Spenser Skates: Genome Engineering Day 4

From OpenWetWare
Jump to: navigation, search

Transformation Results

Plate Transformation Expected Results Colonies Transformation Efficiency
1 regular M13K07 plasmid Many colonies 200 colonies 40,000 colonies /ug DNA
2 backbone + no ligase No colonies 0 colonies 0 colonies / ug DNA
3 backbone + ligase No colonies 0 colonies 0 colonies / ug DNA
4 backbone + insert + ligase Some colonies 0 colonies 0 colonies / ug
5 backbone + insert + ligase Some colonies 0 colonies 0 colonies / ug


We did not observe any colonies on any plates except the one with the regular M13K07 plasmid. This implies our attempt to place the insert in the M13 plasmid was not successful, which could be due to a number of reasons. One of the steps in creating the insert is the most likely point of failure. It is possible that the restriction enzyme did not cut the plasmid how we expected it to, or that the insert sequences did not stick to the cut ends of the plasmid, or that the reaction did not end up producing a piece of DNA that was properly annealed together, or that the bacterial host rejected the modified plasmid, or that the plasmid was modified to encode a fatal mutation for the M13 bacteriophage, or that one of the reactions destroyed the plasmid's viability, or any combination of these reasons.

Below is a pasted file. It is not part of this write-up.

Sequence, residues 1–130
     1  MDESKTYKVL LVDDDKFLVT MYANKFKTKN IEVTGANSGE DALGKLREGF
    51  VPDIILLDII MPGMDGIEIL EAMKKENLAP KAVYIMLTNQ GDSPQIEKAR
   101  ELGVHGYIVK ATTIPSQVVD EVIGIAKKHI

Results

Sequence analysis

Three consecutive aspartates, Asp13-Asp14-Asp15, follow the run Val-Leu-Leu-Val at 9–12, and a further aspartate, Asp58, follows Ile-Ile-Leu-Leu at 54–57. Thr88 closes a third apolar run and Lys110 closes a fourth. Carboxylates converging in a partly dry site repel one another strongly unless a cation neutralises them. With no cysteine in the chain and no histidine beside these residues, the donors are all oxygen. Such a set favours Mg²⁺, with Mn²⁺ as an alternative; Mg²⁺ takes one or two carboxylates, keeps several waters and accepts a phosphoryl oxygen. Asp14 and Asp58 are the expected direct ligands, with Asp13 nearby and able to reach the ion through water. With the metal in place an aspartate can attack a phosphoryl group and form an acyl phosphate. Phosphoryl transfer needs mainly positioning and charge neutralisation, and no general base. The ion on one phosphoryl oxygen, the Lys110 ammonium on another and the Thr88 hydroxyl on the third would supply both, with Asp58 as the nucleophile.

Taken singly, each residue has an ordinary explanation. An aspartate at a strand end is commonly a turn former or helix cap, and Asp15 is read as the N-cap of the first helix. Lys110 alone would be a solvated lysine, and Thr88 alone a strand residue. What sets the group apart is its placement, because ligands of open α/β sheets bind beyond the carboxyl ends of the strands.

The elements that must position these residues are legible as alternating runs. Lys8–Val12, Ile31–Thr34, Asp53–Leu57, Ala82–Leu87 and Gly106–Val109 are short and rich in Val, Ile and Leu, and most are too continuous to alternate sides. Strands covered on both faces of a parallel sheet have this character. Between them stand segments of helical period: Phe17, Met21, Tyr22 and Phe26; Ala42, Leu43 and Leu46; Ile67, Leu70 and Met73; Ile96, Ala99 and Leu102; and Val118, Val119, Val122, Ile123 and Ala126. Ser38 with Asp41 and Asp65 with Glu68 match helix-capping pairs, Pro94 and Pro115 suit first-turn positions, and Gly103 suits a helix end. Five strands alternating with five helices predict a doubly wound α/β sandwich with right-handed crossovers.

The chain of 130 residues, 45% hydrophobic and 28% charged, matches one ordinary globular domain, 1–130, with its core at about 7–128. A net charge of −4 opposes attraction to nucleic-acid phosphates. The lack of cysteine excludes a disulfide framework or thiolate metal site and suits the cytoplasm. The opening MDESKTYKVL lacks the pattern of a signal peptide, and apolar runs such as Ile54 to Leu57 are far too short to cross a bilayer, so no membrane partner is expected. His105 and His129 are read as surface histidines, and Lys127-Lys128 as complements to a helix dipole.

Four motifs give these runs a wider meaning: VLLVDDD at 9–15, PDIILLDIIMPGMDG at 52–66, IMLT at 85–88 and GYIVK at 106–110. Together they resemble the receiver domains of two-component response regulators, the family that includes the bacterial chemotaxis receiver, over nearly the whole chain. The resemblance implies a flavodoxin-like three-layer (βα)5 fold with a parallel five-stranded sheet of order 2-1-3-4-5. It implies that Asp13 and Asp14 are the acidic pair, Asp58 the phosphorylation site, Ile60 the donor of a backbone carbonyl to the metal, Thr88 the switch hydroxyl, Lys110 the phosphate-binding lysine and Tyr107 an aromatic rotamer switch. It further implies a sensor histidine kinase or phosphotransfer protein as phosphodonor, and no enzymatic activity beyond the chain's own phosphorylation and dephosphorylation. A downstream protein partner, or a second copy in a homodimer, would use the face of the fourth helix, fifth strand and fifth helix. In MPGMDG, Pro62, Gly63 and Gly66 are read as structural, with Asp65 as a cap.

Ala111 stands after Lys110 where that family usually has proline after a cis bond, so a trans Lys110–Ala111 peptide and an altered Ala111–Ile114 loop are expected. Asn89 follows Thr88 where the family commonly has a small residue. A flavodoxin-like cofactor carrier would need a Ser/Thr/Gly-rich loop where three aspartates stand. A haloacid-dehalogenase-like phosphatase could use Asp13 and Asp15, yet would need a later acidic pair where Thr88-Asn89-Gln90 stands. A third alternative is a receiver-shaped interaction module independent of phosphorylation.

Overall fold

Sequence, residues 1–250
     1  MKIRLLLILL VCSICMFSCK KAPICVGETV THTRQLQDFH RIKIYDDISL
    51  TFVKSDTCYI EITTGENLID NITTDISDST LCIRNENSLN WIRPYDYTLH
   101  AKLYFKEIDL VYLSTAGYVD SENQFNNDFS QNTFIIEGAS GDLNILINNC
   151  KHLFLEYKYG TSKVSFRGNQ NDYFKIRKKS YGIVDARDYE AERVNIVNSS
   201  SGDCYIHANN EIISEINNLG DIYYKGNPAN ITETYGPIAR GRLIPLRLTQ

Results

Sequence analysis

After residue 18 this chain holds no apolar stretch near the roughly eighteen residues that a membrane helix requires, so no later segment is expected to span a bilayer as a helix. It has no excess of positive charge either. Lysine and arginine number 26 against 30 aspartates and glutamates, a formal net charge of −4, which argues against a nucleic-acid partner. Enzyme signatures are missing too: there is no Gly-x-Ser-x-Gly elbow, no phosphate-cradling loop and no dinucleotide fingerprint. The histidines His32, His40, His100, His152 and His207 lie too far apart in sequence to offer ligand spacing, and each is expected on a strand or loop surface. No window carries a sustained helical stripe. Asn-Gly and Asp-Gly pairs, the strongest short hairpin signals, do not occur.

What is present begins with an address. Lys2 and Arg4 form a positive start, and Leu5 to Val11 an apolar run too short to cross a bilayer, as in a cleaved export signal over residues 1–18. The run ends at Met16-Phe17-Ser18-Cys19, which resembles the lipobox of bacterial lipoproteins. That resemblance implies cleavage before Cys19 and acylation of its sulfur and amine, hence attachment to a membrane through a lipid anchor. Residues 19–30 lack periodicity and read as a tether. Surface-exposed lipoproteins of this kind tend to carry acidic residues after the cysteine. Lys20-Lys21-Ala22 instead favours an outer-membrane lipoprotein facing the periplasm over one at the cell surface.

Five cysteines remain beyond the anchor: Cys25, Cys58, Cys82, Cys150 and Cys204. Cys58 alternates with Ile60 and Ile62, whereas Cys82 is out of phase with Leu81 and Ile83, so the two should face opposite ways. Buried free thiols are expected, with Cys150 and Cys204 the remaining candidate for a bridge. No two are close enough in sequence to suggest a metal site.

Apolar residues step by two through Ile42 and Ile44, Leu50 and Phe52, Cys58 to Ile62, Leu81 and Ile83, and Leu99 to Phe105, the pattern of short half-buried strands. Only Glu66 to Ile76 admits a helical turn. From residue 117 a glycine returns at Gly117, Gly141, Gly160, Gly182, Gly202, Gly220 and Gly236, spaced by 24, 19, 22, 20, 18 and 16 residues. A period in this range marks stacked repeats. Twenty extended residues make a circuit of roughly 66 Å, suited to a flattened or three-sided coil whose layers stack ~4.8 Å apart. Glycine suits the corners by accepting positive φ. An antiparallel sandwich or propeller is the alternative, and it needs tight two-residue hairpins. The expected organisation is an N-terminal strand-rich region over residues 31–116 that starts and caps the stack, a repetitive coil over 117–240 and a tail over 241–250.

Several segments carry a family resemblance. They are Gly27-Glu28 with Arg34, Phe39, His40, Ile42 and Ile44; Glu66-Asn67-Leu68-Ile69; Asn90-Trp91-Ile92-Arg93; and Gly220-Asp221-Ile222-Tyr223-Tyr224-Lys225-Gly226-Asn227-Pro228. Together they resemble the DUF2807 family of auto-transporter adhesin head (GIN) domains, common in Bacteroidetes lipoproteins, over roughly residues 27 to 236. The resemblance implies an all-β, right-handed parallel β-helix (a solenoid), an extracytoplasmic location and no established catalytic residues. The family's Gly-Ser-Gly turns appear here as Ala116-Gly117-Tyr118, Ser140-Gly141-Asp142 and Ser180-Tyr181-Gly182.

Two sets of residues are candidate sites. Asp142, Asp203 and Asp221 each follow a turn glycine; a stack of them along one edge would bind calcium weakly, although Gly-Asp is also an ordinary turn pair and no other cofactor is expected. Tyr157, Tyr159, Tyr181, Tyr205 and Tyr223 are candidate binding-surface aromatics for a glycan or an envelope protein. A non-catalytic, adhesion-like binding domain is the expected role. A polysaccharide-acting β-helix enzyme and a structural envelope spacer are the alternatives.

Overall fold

Essay 2: Editorial: Meaning of Life in Nature (2007) 447: 1031 - 1032:

  • "it would be a service...to dismiss the idea that life is a precise scientific concept"

Andrew Pollack’s editorial The Meaning of Life in Nature attacks what he views as synthetic biology’s attempt to “create life.” He argues that we should “dismiss the idea that life is a precise scientific concept” because there is such ambiguity over what really constitutes life and the distinction between “living” things and “non-living” things. His overarching point is that the holy grail of synthetic biology: to engineer artificial life, and the impetus that drives it, are not well founded as the formation of life is “gradual, contingent and precarious,” such that no process can truly be said to create life. While synthetic biology is one of the steps towards making biology an engineering discipline so that we are able to create more than describe, the goal of “creating” life is nonetheless still just as awesome in spite of the fact that the progress we make towards the goal is gradual.

Pollack has said that any distinction made about living things is not valid in order to dismiss the claim that synthetic biology is about “creating life.” Pollack concedes that the science is well on its way to creating an artificial cell, but those who are in the field with the purpose of creating their own “Frankenstein” are misguided, as there does not exist a true qualitative difference between working with inert and working with living things. Pollack ultimately wants to say that synthetic biology does not bring that much new to the table in terms of achievable goals, and those who practice synthetic biology and try to draw up criteria for what constitutes life are misguided.